Although the Black Girl Magic label has been adopted by many black women because it was originally intended to celebrate our ability to overcome the challenges, obstacles and institutional barriers that have been presented to us, it has become a double-edged sword. The sharp edge of the knife cuts deep as black women struggle to be viewed as human – simple and complex as that is – but have grown accustomed to suffering in silence and being tired, exhausted, overlooked and overworked, all the while acting with constant social prejudice and pressure. These struggles often result in a daily struggle to manage anxiety and depression that have often become the norm for black women.

Debunk the myth

How can we replace the myth of black girl magic with a reality (and culture) that empowers black women to be more self-sufficient and rejects these harmful expectations and stereotypes?

First, let’s start by celebrating black women like Simone Biles, Taraji P. Henson, Naomi Osaki, and India Arie for having the courage to break down the myth, share their stories, and bring their wellbeing and mental health to the fore to deliver. Let us also have the courage to take bold steps to ensure that the guard rails to protect and maintain the mental health of every individual and, frankly, society at large are in place.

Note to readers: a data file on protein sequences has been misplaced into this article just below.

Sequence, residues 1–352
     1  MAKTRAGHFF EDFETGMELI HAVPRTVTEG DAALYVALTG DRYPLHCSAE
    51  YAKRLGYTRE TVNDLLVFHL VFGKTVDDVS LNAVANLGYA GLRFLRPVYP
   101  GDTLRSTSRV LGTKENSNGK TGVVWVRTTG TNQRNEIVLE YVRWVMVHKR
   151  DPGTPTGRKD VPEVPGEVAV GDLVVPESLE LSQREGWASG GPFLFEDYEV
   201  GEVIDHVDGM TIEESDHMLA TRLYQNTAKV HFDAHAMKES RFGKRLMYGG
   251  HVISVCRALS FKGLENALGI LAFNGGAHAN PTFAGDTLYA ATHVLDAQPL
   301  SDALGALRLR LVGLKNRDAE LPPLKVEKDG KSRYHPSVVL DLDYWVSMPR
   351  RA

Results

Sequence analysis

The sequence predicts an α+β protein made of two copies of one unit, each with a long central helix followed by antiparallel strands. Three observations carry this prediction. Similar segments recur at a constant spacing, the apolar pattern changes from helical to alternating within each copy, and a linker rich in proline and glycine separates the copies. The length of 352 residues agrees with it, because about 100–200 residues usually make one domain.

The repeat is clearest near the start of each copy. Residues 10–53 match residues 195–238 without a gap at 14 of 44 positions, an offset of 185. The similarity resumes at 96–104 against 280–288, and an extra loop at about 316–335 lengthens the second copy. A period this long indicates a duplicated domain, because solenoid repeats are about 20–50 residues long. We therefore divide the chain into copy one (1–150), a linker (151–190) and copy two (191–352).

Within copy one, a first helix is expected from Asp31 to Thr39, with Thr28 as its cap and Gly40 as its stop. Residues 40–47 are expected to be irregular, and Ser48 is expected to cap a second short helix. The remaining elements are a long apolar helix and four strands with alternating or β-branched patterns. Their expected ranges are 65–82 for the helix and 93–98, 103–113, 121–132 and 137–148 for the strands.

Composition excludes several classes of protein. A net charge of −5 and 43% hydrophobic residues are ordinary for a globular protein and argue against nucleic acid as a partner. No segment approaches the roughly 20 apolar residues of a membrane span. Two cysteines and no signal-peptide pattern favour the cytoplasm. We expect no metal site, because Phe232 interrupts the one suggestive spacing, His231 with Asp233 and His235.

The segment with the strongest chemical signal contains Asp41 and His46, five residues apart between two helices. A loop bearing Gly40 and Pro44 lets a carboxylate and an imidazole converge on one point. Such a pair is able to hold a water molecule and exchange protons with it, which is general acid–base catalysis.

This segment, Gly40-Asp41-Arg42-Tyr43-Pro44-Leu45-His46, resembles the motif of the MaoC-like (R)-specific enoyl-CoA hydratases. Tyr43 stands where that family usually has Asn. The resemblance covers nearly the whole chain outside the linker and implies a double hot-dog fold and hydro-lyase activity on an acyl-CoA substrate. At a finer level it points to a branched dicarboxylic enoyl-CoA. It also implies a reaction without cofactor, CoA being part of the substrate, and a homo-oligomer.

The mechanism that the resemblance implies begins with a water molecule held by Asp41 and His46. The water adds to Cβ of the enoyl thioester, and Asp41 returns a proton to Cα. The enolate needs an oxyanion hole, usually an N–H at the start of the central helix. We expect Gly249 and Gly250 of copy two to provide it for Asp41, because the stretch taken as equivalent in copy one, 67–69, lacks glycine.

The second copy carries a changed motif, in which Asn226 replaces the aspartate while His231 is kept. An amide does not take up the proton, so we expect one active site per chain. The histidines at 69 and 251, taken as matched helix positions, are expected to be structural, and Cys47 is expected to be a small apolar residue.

Actions for All of Us Mental Health America encourages us to “Rethink Self-Care for Black People” through these key actions:

  • Reach out to trusted people who can hold space for you
  • Connect with things that bring you joy or energy
  • Ask yourself what you want and need right now and then get involved
  • Rethink your coping mechanisms and remove those that no longer serve you
  • Create boundaries for yourself in a way that works specifically for you

Each of us can be a beacon for others by making our wellbeing a priority. For black women, prioritizing yourself is a revolutionary act. It’s an act of survival. It’s an act of generosity. If we follow the examples of women like Biles, Osaka, Henson, and Arie, we can be more than magical. We can be human.

Wema Hoover is a global leader and leader in diversity, equity & inclusion. She has led DEI at several Fortune 500 companies including Google, Sanofi, Pfizer and Bristol-Myers Squibb.